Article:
Guru: Why A Function Was There But Could Not Be Found
March 25, 2019 Ted Holt
I am stuck on trying to create a function in RPG to use in SQL. I based it on your FMTDATE function, which I successfully installed and is working great! I have been trying to get this function working for five hours and I am at my wits’ end. Hopefully, you will notice something right away.
The message that Andrew was receiving was SQL0204 (HISFUNCT in *LIBL type *N not found). (I have replaced the name of Andrew’s function with HISFUNC.) Yet the function existed and the service program existed. There was nothing wrong with Andrew’s RPG code or his CREATE FUNCTION statement. So why wouldn’t it run? It took us a few tries to figure it out, but the system started finding the function when he replaced CHAR parameters with VARCHAR ones.
SQL0204 is a misleading error message, but that’s due to a wonderful feature of SQL — function overloading. SQL allows you to define two or more functions with the same name as long as the parameter lists differ. The system is really telling you that no version of the function exists with a compatible parameter list, not that no version of the function exists at all. A parameter is considered compatible if the data that is passed in the call is of the type, or can be casted to the type, of the parameter definition.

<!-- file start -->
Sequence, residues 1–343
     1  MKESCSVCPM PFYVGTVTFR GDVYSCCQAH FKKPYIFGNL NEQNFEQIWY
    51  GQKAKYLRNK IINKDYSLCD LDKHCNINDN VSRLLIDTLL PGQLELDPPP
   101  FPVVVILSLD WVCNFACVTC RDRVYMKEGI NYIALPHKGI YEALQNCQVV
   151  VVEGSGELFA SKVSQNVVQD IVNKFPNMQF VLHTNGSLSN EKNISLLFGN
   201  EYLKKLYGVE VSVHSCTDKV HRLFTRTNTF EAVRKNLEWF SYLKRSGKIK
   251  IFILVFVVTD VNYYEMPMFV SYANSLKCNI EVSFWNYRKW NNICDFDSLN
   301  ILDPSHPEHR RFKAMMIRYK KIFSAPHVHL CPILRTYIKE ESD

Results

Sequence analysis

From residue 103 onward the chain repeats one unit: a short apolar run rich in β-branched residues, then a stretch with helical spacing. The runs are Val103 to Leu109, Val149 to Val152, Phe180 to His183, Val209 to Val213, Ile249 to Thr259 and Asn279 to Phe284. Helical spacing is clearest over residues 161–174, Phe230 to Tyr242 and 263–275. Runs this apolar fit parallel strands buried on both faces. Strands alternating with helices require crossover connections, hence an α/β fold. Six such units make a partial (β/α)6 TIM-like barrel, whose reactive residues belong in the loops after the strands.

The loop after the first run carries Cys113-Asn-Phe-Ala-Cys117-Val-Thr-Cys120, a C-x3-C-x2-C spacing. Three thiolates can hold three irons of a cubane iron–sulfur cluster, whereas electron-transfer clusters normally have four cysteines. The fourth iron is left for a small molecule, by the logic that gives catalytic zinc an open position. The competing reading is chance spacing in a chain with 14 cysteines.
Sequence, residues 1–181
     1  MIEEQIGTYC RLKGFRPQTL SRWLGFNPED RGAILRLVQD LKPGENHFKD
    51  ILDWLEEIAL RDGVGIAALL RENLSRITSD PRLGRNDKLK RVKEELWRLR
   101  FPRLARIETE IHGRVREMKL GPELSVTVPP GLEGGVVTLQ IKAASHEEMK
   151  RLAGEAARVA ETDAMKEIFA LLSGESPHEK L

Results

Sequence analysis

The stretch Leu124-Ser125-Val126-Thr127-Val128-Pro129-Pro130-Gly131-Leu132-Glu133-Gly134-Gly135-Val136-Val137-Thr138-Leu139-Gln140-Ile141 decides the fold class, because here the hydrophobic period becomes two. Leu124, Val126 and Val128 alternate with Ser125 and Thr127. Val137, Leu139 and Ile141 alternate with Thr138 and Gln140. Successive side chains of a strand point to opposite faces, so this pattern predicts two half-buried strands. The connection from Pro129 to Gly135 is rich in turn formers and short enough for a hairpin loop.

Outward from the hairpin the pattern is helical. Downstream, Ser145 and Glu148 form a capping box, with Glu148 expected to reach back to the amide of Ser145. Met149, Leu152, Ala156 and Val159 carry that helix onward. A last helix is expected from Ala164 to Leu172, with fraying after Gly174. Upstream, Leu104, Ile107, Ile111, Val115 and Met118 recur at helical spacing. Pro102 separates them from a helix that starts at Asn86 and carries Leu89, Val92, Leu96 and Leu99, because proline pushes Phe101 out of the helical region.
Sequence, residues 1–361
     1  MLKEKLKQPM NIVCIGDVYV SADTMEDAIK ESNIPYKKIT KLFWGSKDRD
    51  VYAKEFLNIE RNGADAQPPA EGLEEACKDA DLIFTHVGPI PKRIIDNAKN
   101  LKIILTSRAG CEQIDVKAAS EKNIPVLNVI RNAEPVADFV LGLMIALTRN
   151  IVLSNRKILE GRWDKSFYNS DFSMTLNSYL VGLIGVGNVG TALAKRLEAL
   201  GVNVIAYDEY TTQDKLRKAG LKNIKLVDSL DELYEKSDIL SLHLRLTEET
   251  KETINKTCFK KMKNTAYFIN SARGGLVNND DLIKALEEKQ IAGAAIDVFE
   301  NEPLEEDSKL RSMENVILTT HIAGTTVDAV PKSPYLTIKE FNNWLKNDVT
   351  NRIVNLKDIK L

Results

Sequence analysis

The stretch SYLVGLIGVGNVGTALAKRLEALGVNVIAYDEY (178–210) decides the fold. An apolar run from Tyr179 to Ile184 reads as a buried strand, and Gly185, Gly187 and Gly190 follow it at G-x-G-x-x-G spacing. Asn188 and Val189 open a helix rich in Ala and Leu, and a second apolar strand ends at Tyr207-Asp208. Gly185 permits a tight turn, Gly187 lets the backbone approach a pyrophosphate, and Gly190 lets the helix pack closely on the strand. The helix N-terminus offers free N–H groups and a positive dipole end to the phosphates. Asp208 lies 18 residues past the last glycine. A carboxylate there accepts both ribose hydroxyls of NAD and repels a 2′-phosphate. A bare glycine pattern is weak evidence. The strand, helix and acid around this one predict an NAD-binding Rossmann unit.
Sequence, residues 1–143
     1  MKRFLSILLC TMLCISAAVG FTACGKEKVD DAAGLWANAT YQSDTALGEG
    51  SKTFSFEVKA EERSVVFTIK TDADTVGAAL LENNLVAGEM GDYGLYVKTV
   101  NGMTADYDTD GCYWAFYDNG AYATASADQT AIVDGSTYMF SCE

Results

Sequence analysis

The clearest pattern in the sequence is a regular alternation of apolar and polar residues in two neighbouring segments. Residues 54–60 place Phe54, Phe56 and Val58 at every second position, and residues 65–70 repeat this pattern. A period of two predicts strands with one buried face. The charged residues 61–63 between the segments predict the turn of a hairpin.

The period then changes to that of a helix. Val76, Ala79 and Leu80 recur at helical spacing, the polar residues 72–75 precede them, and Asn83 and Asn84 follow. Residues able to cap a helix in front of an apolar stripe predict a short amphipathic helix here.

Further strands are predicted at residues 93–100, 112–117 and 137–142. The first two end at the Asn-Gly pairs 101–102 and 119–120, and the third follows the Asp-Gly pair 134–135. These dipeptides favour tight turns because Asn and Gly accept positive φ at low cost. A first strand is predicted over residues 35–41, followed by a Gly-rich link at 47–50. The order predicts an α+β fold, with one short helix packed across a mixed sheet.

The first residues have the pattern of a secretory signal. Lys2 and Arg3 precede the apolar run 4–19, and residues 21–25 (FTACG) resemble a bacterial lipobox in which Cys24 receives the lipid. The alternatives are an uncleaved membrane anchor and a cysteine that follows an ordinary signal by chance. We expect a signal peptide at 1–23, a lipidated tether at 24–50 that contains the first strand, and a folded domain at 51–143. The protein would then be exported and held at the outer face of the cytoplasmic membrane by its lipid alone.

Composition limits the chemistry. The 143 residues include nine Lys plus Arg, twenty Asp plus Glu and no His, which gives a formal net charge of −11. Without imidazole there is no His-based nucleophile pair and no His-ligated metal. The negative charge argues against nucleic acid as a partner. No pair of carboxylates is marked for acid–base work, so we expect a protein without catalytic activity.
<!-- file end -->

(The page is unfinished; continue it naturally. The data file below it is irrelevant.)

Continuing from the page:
Implicit casting means that the system automatically converts data from one type to another behind the scenes when it needs to and is able to. It’s not new. Skip Marchesani wrote about it in this august publication almost eight years ago. The good folks at IBM have not been sitting around working Sudoku puzzles since then, as I find more and more implicit casting that used to not work properly. IBM greatly enhanced implicit casting in IBM i 7.2, and Andrew’s system is at 7.1. I was unable to reproduce the error on a 7.2 system. Casting between CHAR and VARCHAR worked every time, no matter which way the data was defined in the database and in the function. I was even able to pass numeric literals to char(1) and varchar(1) parameters.
If you write SQL functions to carry out business processes — and I encourage you to do so — try to make the parameters as versatile (i.e., castable) as possible. I still prefer VARCHAR to CHAR because I’m confident the system will have no trouble casting CHAR arguments into VARCHAR parameters. In the same way, I often define numeric parameters as INTEGER or DOUBLE, even if I expect to use them over packed decimal and zoned decimal data, just to improve chances that the functions will always be able to handle any data that I or anyone else throws at them. Table 1 of this page from the IBM Knowledge Center has more information about the compatibility of data types.